Additionally, the law states that journalists cannot obtain information through "disloyal" means. Since there is no definition in the press law of what "disloyal" means or what acts might constitute "disloyalty" and bearing in mind that no strong tradition of rights protection exists within the Angolan judiciary, a general word such as "disloyal" is an invitation to abusive criminalization of press speech.
Licensing procedures for private TV and radio broadcasting
Private broadcasting plays a crucial role in ensuring the dissemination of diverse and independent views in democratic societies. It facilitates the media's role of publicizing and checking government action. Private broadcasting also contributes to guaranteeing freedom of expression by ensuring diversity of views on public policies and political issues and by making any abuses in this area known to the general public.
The new press law sets forth the basic rules for licensing private TV and radio broadcasters. Licenses are awarded through public tender, which must be proposed by the Ministry for Media Communication and the Ministry for Post and Telecommunications and launched by the Council of Ministers. The results of the public tender are also approved by the Council of Ministers. Following this, a license title (alvara) is granted by the Ministry for Media Communication but only after the Ministry for Post and Telecommunications issues a positive advisory opinion (parecer). Broadcasting companies must have a different license title (alvara) for each wave frequency they broadcast in.
The Declaration on Freedom of Expression in Africa stipulates that an independent regulatory body issue broadcasting licenses and monitor the fulfillment of license conditions. Although specific criteria and procedures for licensing TV and radio broadcasters are to be established by subsequent legislation (see the section on the need of implementing laws and regulations below), the basic rules established in the press law have created an overly bureaucratic process and excessive reliance on governmental bodies, rather than independent bodies. The press law establishes an independent regulatory body-the National Council on Media Communication-but it does not set forth its functions or powers, including with regard to licensing procedures.
Currently, no private TV broadcasters are operating in Angola. There are a few private radio stations operating in the country although none cover the whole territory.One of these stations-Radio Eclsia-has for a long time had the technical means to broadcast nationally but the government has failed to authorize such broadcasting. According to the press law, radio companies presently broadcasting have six months to "adjust to the law", but there are no provisions setting up the procedure for such adjustment.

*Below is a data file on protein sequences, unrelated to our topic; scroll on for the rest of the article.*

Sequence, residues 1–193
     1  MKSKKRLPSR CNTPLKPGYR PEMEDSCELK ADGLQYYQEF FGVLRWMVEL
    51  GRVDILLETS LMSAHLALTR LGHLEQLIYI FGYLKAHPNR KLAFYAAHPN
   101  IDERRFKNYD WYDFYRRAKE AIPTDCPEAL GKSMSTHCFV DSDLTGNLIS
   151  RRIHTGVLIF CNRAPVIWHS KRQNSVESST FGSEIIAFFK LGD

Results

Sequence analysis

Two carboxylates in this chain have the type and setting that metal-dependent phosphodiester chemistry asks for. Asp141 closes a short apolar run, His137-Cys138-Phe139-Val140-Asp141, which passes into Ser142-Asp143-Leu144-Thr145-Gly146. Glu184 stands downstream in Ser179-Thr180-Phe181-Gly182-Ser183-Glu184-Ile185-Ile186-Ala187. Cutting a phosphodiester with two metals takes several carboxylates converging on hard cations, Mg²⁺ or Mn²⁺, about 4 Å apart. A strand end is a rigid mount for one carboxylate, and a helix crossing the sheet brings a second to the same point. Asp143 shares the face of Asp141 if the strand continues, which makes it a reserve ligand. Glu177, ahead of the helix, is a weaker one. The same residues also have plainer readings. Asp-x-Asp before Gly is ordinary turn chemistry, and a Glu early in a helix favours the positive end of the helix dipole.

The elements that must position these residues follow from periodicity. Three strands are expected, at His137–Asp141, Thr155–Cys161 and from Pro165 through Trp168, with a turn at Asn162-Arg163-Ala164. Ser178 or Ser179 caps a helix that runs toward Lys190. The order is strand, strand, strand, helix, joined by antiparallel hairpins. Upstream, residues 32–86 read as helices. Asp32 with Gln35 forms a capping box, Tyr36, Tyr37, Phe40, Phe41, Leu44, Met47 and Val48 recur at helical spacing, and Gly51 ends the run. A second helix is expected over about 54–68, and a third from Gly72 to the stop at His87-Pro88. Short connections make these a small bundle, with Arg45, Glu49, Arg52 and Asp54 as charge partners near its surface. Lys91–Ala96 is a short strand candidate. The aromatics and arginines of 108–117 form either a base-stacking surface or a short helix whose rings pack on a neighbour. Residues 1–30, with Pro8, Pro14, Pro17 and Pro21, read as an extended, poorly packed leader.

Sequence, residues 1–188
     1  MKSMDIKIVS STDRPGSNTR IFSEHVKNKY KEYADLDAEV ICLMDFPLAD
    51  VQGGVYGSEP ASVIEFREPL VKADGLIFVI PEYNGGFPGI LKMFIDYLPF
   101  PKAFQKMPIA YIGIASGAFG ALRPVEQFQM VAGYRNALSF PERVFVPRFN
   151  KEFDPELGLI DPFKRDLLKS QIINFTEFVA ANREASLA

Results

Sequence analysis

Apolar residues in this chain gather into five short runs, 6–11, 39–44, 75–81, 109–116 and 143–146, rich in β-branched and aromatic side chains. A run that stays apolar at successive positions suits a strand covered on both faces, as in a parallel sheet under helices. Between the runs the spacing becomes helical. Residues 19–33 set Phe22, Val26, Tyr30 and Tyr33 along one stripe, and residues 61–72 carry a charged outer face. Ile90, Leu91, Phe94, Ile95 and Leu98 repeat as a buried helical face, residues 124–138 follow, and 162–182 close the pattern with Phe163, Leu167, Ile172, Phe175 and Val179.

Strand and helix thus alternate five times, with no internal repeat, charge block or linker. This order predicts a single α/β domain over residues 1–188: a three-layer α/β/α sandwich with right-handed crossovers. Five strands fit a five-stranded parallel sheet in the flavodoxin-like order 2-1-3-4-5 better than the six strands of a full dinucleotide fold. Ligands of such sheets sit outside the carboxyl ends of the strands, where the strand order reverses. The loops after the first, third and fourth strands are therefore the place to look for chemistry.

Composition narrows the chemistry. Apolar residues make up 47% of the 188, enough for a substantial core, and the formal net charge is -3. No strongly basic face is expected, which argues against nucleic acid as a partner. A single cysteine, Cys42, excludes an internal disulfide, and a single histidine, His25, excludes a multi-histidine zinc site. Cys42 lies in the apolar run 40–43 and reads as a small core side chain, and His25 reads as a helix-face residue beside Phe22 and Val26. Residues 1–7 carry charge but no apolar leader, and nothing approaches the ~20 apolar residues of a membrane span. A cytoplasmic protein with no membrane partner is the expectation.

The need for implementing laws and regulations
Several provisions of the press law are formulated in general terms and are left to be detailed through subsequent implementing laws and regulations.
According to article 87, "the present law should be regulated by the government within 90 days." This regulation will detail many principles and procedures that, in the absence of a regulation, remain ineffective. At the time of publication of this paper the deadline had expired and no such regulation had been issued.
In addition, many articles establish new bodies, codes, statutes, and procedures that will be, according to the press law, further detailed by specific laws (lei propria or lei especial). No deadline is set for enacting these. The lack of such legislation renders several provisions of the press law inoperable.
Article 2 of the ICCPR states that a party to the Covenant should "adopt such laws or other measures as may be necessary to give effect to the rights recognized in theCovenant."According to its international obligations, therefore, the government of Angola should enact implementing laws and regulations as a matter of urgency.
Since the new press law revokes previous legislation on the matter but does not establish transitional arrangements to be applied pending the adoption of its regulation and further specific legislation, a legal void was created in relation to many aspects of freedom of press, which are detailed below. Implementing laws and regulations on these matters, once adopted, must reflect international standards on freedom of expression.
1. Public Broadcasting Service